Electric toothbrush FAQs
Do dentists recommend Oral-B or sonicare?
Oral-B and Philips’s sonicare are two of the most widely recommended toothbrush brands by dentists, but there’s no industry consensus on which electric toothbrush is best. Dentists recommend a wide range of electric toothbrushes, and depending on which brand you ask you’ll get a different answer.
One thing almost every dentist agrees on, however, is that electric toothbrushes are better at cleaning than manual toothbrushes. Even more important than the type of brush you use is practicing good dental hygiene habits: brushing regularly and for the dentist-recommended two minutes, reaching all parts of the mouth, and flossing.
Are round head electric toothbrushes better?
Round head electric toothbrushes oscillate thousands of times per minute, enough to efficiently remove plaque, bacteria and debris while brushing. A sonic or ultrasonic toothbrush, which is more likely to have a standard-shaped head, pulses tens of thousands of times per minute to break down and dislodge plaque, bacteria and debris.
There’s not a whole lot of evidence that sonic and ultrasonic toothbrushes are more effective than standard electric toothbrushes at cleaning teeth, but on paper the newer technology packs more vibrations per second and could help remove plaque more quickly.
Are electric toothbrushes better than manual toothbrushes?
Research shows that electric toothbrushes are more effective at cleaning teeth and protecting from gum disease if they are used properly and for the recommended time. That’s because the vibration of the bristles works extra hard to remove plaque from your teeth and reduce the risk of inflammation of the gums. Oscillating (rotating) and sonic (vibrates at very high speeds and frequencies) electric toothbrushes have been found to work even harder.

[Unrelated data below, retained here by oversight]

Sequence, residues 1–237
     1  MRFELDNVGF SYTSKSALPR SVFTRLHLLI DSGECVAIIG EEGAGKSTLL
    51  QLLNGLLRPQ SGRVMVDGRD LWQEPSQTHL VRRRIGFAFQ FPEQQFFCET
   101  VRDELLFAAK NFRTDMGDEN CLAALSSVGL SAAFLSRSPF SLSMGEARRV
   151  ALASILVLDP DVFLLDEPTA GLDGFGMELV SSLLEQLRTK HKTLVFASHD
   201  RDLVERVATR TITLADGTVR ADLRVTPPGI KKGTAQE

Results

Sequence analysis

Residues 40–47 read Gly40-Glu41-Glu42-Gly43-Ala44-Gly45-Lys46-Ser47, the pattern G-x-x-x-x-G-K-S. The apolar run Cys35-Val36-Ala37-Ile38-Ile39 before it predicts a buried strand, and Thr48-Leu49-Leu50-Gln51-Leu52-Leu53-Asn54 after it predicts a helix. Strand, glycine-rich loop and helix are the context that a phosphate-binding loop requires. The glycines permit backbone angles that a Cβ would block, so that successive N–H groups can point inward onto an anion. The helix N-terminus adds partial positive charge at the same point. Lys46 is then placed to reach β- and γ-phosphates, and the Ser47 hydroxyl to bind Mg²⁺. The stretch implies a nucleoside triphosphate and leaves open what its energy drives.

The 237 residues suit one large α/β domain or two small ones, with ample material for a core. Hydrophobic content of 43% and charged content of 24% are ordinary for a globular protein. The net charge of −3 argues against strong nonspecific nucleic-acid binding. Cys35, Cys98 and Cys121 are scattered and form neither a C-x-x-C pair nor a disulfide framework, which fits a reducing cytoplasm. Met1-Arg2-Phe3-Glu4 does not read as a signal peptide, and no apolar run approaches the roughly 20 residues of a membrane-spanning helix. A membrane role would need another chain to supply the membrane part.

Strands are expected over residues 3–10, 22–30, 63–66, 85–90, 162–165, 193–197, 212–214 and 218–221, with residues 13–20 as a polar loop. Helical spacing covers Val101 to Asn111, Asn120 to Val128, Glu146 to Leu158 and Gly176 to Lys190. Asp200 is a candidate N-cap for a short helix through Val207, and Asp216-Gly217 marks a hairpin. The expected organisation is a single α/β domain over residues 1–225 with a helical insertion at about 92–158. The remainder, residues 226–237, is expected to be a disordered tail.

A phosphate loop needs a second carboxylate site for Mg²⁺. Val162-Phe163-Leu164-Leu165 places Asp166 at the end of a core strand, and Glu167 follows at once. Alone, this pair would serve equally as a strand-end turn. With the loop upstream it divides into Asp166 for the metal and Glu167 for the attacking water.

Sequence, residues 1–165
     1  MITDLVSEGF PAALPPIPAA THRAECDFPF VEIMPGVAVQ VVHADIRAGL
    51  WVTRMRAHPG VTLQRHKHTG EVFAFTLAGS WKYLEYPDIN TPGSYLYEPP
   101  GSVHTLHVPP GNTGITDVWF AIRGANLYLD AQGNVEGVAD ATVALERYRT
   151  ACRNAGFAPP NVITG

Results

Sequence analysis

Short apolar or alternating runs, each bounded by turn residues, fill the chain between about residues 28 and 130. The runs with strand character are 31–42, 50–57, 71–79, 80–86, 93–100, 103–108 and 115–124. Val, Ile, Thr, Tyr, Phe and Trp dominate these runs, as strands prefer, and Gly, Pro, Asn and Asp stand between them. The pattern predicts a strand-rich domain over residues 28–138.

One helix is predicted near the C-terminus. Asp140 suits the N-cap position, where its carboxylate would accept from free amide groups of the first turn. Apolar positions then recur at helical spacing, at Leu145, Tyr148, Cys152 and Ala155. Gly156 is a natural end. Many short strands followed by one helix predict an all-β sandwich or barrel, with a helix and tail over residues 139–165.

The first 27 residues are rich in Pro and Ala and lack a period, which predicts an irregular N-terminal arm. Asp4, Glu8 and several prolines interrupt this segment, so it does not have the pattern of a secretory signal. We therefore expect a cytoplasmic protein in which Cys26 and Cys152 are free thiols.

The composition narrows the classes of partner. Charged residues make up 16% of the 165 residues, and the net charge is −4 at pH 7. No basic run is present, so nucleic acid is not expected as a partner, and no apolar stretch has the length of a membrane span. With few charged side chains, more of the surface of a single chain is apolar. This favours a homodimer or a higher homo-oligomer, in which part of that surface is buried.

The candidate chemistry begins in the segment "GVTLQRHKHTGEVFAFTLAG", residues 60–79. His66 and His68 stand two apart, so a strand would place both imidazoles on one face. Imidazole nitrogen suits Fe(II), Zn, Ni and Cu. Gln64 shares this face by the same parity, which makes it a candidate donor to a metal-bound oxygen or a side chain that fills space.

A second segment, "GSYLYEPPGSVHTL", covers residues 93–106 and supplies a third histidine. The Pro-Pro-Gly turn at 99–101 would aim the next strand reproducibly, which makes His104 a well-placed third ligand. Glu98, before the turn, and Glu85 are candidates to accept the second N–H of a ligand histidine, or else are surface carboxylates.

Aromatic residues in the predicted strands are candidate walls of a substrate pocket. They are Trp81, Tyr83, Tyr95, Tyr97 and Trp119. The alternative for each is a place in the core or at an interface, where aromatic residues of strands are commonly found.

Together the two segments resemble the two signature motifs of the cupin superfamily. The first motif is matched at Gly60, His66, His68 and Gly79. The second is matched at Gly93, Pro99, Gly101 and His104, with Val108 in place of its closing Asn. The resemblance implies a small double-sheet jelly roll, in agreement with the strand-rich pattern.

Electric toothbrushes often have extra features that are also significant. A built-in timer, for example, can help ensure you brush your teeth long enough. Some toothbrushes even connect to your phone to bring you personalised brushing advice.
Some people report being more focused when cleaning their teeth with an electric toothbrush and kids tend to find them more fun – especially if there are associated child-friendly apps involved. People with braces can also find it easier to keep their teeth clean with an electric toothbrush.
But electric toothbrushes are more pricey than manual ones and finding replacement heads isn’t always easy. It’s also worth noting that not everyone likes the feeling of using them.
Can electric toothbrushes be bad for your teeth?
Brushing too hard and fast with an electric toothbrush can permanently damage teeth enamel and cause gum recession. But electric toothbrushes can only damage teeth and gums in this way if excess pressure is applied, so always make sure you allow the movement of the toothbrush to do all the hard work.
Top features to look for in an electric toothbrush
- Brushing timer – This will help to make sure your teeth are brushed for the dentist-recommended time of two minutes. Some electric toothbrushes are programmed to be on for just two minutes, while others will alert you by beeping or vibrating when it’s time to stop.